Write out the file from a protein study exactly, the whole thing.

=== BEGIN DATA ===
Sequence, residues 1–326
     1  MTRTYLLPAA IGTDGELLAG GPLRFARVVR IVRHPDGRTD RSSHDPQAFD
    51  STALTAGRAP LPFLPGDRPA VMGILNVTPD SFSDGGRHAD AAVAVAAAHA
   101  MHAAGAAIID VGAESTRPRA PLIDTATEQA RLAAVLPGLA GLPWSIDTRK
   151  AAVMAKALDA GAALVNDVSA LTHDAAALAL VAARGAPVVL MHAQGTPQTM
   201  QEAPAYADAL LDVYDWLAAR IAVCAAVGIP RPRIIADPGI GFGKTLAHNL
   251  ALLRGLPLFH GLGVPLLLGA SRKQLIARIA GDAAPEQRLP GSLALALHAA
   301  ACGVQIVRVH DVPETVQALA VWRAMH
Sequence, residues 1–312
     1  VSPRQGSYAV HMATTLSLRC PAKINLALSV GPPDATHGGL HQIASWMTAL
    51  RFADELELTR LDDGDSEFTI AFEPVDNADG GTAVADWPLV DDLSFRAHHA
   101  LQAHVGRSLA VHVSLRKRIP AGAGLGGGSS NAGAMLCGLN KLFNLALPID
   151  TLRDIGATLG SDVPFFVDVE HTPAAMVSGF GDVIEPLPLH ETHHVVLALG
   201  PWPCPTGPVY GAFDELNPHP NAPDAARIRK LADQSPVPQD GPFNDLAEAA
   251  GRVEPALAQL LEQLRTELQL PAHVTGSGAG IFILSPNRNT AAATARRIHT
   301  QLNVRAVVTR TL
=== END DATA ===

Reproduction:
Sequence, residues 1–326
     1  MTRTYLLPAA IGTDGELLAG GPLRFARVVR IVRHPDGRTD RSSHDPQAFD
    51  STALTAGRAP LPFLPGDRPA VMGILNVTPD SFSDGGRHAD AAVAVAAAHA
   101  MHAAGAAIID VGAESTRPRA PLIDTATEQA RLAAVLPGLA GLPWSIDTRK
   151  AAVMAKALDA GAALVNDVSA LTHDAAALAL VAARGAPVVL MHAQGTPQTM
   201  QEAPAYADAL LDVYDWLAAR IAVCAAVGIP RPRIIADPGI GFGKTLAHNL
   251  ALLRGLPLFH GLGVPLLLGA SRKQLIARIA GDAAPEQRLP GSLALALHAA
   301  ACGVQIVRVH DVPETVQALA VWRAMH
Sequence, residues 1–312
     1  VSPRQGSYAV HMATTLSLRC PAKINLALSV GPPDATHGGL HQIASWMTAL
    51  RFADELELTR LDDGDSEFTI AFEPVDNADG GTAVADWPLV DDLSFRAHHA
   101  LQAHVGRSLA VHVSLRKRIP AGAGLGGGSS NAGAMLCGLN KLFNLALPID
   151  TLRDIGATLG SDVPFFVDVE HTPAAMVSGF GDVIEPLPLH ETHHVVLALG
   201  PWPCPTGPVY GAFDELNPHP NAPDAARIRK LADQSPVPQD GPFNDLAEAA
   251  GRVEPALAQL LEQLRTELQL PAHVTGSGAG IFILSPNRNT AAATARRIHT
   301  QLNVRAVVTR TL